The human norovirus is the leading cause of foodborne illnesses in North America, accounting for approximately 60 per cent of acute gastrointestinal illnesses involving vomiting and diarrhea. Much has been learned in recent years about how norovirus is transmitted, and the effectiveness of some common approaches to limit its transmission.
Viruses were first discovered in 1892. Today we know that viruses outnumber all other living organisms on this planet. They only replicate within living cells of other organisms (hosts), and are normally host-specific, meaning that they usually infect a specific host species. However, it is well known that viruses can both mutate and “jump” species. Need I remind readers of ongoing swine and bird flu pandemic concerns? Some speculate that viruses play a role in species evolution through their ability to modify the genes of the host organism.
Norovirus transmission and symptoms
Noroviruses can be transmitted directly from person to person and indirectly through the air and through contact with infected surfaces, food and water. It is believed that fewer than 10 virus particles can result in a full-blown infection in 24 to 48 hours after contact. Most of us are all too familiar with the symptoms, which include nausea, projectile vomiting, diarrhea, abdominal cramps, fever, lethargy, headaches and muscle aches. These symptoms normally pass in one to five days, but in rare cases infections may lead to Crohn’s and other debilitating GI diseases.
Infected individuals unknowingly and unavoidably spread their infections far and wide. Viruses spread through virus-laden fecal and vomitus materials. Viruses can remain viable for weeks on clothing, counter tops, walls, faucet handles, toilet seats and various other unsanitized dry and wet surfaces. One scientist reported that her team detected viable virus particles high on a wall over six metres from a toilet used by an infected patient a week earlier. Individuals who feel that they have recovered from their infection can shed viruses for days after symptoms disappear.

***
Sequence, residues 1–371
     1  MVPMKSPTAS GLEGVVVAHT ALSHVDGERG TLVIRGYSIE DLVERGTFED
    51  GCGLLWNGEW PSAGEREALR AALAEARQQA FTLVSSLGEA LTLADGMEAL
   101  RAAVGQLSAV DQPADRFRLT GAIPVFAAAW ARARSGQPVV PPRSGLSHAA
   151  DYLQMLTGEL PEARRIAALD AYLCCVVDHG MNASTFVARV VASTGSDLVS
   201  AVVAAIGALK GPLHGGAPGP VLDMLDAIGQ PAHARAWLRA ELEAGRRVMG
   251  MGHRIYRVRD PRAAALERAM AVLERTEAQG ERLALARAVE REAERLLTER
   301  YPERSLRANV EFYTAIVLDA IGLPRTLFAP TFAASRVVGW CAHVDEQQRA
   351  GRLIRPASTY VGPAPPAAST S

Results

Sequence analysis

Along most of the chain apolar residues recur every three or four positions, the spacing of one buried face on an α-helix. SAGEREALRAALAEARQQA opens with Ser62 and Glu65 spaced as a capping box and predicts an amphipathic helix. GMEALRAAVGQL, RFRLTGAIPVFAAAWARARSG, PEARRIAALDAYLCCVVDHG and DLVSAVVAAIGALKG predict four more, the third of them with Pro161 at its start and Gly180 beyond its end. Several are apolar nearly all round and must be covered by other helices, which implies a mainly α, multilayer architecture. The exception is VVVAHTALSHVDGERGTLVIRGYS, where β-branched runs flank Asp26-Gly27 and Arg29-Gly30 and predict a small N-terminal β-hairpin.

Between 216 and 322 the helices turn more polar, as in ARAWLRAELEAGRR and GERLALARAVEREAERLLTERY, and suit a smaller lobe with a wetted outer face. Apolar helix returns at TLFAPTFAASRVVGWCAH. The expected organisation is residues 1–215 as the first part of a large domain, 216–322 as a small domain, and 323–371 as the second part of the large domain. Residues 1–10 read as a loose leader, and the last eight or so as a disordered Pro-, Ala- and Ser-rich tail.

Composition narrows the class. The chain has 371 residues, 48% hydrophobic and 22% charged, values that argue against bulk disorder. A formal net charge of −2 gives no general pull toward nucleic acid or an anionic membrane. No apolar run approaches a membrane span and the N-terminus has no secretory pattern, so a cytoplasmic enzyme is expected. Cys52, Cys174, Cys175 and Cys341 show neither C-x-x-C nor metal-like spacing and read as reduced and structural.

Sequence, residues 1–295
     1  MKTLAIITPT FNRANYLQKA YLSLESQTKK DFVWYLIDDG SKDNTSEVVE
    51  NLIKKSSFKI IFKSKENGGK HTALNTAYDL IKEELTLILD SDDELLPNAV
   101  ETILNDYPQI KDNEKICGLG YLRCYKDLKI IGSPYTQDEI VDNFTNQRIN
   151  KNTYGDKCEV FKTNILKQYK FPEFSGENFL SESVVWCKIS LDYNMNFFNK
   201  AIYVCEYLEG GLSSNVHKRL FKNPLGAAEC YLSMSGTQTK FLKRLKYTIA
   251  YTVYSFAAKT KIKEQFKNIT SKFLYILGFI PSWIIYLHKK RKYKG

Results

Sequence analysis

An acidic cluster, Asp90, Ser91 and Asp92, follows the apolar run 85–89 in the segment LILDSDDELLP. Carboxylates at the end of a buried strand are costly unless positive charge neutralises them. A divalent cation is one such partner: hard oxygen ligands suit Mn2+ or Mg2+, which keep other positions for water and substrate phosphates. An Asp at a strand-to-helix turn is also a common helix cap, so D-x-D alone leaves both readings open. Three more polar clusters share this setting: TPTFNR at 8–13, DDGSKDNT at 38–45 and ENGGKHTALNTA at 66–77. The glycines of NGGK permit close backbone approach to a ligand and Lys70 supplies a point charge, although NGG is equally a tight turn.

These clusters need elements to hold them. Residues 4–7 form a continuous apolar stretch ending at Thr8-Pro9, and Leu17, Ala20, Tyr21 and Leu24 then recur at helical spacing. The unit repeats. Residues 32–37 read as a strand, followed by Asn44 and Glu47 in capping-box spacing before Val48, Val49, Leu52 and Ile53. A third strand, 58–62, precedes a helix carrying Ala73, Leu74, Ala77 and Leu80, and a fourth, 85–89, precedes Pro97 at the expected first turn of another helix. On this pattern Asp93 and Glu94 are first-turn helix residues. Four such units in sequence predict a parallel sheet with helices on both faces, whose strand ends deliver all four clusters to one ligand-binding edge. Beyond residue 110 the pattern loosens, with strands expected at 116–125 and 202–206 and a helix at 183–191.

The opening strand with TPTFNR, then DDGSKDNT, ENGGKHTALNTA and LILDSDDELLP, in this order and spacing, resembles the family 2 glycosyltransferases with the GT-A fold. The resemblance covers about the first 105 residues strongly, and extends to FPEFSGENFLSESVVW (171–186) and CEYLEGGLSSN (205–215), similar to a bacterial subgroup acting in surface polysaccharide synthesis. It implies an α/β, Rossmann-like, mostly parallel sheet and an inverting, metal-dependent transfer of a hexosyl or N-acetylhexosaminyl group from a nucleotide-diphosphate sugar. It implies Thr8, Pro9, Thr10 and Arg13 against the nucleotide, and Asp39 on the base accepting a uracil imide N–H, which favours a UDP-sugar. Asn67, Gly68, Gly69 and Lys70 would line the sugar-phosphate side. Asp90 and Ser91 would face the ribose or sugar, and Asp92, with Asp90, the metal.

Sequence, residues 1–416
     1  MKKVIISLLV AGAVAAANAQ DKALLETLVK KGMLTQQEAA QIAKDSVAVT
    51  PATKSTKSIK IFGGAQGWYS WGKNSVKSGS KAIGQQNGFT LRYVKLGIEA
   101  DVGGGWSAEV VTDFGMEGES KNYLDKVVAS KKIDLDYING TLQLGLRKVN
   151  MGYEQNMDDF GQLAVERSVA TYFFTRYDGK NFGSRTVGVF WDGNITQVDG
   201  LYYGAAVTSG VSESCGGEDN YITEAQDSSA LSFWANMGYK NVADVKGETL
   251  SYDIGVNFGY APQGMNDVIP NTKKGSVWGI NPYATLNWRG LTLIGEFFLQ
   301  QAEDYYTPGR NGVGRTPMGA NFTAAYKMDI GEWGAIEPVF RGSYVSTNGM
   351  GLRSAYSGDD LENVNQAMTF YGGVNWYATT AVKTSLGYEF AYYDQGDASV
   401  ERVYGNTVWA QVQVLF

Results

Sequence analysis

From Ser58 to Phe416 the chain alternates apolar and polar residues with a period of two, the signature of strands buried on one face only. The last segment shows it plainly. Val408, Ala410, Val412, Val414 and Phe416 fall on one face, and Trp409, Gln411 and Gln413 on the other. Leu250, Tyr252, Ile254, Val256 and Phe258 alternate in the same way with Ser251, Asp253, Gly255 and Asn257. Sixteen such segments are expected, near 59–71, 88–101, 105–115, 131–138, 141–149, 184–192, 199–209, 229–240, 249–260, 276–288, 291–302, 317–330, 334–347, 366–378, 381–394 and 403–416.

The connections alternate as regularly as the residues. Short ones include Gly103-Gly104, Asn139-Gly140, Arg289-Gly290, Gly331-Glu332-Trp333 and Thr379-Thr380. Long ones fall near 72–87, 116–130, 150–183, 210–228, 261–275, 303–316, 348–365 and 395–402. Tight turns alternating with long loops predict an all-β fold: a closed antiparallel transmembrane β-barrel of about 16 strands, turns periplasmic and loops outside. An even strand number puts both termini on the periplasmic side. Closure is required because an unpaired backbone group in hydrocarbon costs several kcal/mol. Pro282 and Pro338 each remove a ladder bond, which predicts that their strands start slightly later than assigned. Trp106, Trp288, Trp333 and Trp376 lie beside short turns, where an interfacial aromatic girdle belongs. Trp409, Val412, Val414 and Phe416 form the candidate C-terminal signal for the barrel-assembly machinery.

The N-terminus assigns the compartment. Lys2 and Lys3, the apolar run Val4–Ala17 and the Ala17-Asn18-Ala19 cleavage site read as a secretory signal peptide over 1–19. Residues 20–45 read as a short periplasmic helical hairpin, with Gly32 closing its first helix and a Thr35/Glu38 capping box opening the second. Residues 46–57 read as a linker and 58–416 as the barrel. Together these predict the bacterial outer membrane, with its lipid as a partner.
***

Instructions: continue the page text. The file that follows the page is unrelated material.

Significance to the food industry
Most norovirus outbreaks have been traced back to infected food handlers preparing minimally processed foods such as deli sandwiches and salads. Another frequent cause of outbreaks is infected and/or recently infected individuals coming in contact with large groups of individuals in confined spaces such as airplanes and cruise ships, and institutions such as hospitals, retirement homes and prisons. Food processing plant cafeterias, washrooms and change rooms are also prime locations where noroviruses can spread rapidly and with disastrous consequences.
Recently published studies on norovirus transmission from humans to food and equipment indicate that these viruses are readily transferred by contact. Gloves appear to provide some protection, but it is limited. Food handlers should not only wear sanitary gloves, but also put on a fresh pair every two hours or less if they remain at their station. Workers who leave their station should wash their hands and don a new pair of gloves prior to returning.
Employers should stress to employees that it is both in the company’s and the employee’s best interests for people to stay home if they experience norovirus symptoms and/or if they come into contact with anyone exhibiting norovirus symptoms. Employees recovering from norovirus infections should be required to get a physician’s certificate to confirm that it is safe for them to return to work. Given that infected employees can easily infect their co-workers, it’s best to be cautious.
Most of the research I came across pointed out that a number of chemicals commonly used in the food industry to sanitize food and equipment, such as ethanol, peroxyacetic acid, quaternary ammonium chloride and sodium hypochlorite, may not be effective or have little effect on norovirus. Anyone using these chemicals for the purpose of controlling norovirus should validate the effectiveness of their process.
Tried and true
Literature suggests that the most effective and reliable means of dealing with norovirus on equipment may be the use of standard cleaning practices involving a generous amount of hot water, soap and physical scrubbing, followed by rinsing with potable water. The jury appears to be out on what may be best practices for controlling norovirus on produce. If anyone knows of processes or chemicals that effectively control norovirus, please drop me an email.
Dr. Ron Wasik, PhD, MBA, is president of RJW Consulting Canada Ltd. in Delta, B.C. Contact him at [email protected]